Simpler Navigation for Servers and Operating Systems
Completed: a much simpler Servers and Operating Systems section of the Community. We combined many of the older boards, so you won't have to click through so many levels to get at the information you need. Check the consolidated boards here as many sub-forums are now single boards.
cancel
Showing results for 
Search instead for 
Did you mean: 

oracle 9i

Pieter_5
Advisor

oracle 9i

I am installing a oracle 9i db. I have a question about the control.file. A saw an installation in which several controlefiles existed for one database. Are these controlefiles identical and meant as duplicates? What is good practise for these files?
10 REPLIES
Steven E. Protter
Exalted Contributor

Re: oracle 9i

Good practices for control files is to have serveral copies so the database can survive the loss of one or more of them.

We keep three on different physical disks.

SEP
Steven E Protter
Owner of ISN Corporation
http://isnamerica.com
http://hpuxconsulting.com
Sponsor: http://hpux.ws
Twitter: http://twitter.com/hpuxlinux
Founder http://newdatacloud.com
Jean-Luc Oudart
Honored Contributor

Re: oracle 9i

Eventhough you may have mirroring for your physical storage (or OS mirroring) it is advised to have a copy of your control file in case it is deleted from the command line ...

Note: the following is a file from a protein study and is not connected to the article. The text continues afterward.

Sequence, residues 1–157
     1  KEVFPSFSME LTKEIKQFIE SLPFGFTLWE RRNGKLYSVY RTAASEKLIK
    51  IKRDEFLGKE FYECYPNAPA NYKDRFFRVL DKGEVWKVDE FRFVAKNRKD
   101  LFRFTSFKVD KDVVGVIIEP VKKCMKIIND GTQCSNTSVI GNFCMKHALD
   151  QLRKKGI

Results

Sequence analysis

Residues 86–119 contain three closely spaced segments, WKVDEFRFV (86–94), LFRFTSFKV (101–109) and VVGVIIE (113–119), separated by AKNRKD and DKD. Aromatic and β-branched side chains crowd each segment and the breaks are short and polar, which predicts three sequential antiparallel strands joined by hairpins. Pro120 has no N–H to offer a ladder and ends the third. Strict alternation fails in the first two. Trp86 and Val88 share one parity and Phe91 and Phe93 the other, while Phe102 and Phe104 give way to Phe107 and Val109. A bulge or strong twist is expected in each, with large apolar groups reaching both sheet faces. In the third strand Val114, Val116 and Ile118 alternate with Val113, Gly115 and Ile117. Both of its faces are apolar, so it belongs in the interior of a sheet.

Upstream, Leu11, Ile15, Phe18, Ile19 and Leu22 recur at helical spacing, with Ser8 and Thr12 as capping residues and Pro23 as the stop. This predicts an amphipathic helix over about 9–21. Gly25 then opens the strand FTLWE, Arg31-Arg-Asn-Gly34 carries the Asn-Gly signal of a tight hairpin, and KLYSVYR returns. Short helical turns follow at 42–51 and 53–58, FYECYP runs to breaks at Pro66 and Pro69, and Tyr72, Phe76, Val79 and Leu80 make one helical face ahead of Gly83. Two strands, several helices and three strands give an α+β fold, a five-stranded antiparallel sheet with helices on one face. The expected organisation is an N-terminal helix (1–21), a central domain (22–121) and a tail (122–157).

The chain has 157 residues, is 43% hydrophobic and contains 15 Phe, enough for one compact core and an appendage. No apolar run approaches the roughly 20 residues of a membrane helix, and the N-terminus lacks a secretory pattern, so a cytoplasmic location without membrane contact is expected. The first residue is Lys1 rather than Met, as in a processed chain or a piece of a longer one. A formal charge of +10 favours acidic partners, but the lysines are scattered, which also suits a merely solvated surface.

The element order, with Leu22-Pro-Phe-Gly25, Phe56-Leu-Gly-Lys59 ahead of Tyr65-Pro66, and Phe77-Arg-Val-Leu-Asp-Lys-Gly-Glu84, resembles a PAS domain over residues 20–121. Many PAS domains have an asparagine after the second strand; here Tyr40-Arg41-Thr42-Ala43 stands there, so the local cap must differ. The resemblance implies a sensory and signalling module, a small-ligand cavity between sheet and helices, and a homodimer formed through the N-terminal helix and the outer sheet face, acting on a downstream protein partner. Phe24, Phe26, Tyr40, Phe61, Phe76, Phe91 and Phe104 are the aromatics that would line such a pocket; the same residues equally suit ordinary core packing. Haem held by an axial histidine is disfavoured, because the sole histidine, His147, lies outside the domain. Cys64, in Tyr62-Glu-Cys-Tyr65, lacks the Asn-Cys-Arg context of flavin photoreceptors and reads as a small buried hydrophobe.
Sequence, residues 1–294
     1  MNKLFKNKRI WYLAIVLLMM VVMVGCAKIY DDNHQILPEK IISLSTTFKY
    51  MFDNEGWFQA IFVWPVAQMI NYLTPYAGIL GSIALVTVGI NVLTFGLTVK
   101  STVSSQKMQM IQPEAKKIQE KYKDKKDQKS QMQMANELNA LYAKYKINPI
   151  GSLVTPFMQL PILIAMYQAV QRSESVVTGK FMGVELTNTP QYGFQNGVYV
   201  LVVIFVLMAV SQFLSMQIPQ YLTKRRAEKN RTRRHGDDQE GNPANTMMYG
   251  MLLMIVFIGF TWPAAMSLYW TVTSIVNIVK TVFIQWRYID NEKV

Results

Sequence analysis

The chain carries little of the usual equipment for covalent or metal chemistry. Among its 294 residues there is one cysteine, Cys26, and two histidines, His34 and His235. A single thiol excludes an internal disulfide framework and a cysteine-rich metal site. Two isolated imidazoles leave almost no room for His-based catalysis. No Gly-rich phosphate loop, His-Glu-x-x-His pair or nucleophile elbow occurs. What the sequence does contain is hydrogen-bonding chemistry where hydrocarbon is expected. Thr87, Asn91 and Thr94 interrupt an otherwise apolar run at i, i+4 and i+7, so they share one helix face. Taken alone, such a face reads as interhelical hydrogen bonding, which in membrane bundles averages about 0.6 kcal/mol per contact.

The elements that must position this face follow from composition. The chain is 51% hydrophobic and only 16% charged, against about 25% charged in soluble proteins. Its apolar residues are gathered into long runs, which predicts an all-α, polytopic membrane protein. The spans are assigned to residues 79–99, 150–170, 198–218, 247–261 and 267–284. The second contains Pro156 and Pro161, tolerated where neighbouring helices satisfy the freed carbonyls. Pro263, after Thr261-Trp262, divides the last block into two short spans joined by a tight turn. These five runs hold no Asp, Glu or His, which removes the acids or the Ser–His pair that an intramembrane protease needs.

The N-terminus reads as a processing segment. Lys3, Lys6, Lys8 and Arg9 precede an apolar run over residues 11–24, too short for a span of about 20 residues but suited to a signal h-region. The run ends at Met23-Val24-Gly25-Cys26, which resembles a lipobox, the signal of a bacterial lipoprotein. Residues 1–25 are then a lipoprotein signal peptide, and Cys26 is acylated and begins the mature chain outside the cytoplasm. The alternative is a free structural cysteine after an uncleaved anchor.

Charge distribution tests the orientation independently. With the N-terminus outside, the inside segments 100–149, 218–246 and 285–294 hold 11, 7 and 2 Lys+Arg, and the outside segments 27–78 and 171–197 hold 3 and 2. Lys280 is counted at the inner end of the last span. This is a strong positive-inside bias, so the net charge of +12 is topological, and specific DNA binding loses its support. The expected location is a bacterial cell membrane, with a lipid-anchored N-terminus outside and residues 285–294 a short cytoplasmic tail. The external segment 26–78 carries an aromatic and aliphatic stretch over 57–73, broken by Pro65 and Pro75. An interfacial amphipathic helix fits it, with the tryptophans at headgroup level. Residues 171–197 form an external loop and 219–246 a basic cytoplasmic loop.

Rgds,
JL
fiat lux
Pieter_5
Advisor

Re: oracle 9i

What I would like to know is if there just one controlefiles for every database?
Jean-Luc Oudart
Honored Contributor

Re: oracle 9i

You should have more than one control file per Oracle instance.

you can find the information in the init.ora configuration file.

JL
fiat lux
Jean-Luc Oudart
Honored Contributor

Re: oracle 9i

Volker Borowski
Honored Contributor

Re: oracle 9i

Hello,

these files are very important.
You must have at least one per database.
You should have them mirrored as already suggested to three diffrent physical disks.

You should save a backup copy beside your backup. Watch it! If the database is up and running, you cannot backup the actual file. You need to execute
"ALTER DATABASE BACKUP CONTROLFILE TO '/somewhere_safe/backup_controlfile';"
and save this file along with your backup. Might be worth to save the usertrace-destination after a
"ALTER DATABASE BACKUP CONTROLFILE TO TRACE;"
as well.

The binary version of this file is the only way to sync the datafiles to their creation SCN. This is important in case you loose a datafile before it has been backed up for the first time.

Take good care of them !
Volker
twang
Honored Contributor

Re: oracle 9i

Multiplexing control file means maintaining serveral identical control files.
The control file is a critical resource and Oracle requires that you have at least 2. It reads only the primary and writes to all copies to keep them in snyc. Should Oracle become unable to write to the multiplexed copy Oracle has to hang to keep the files in sync. The purpose of multiplexing the control file is not to provide alternate access in the event of a failure but to prevent loss of the control file information, which is critical to recovery operations.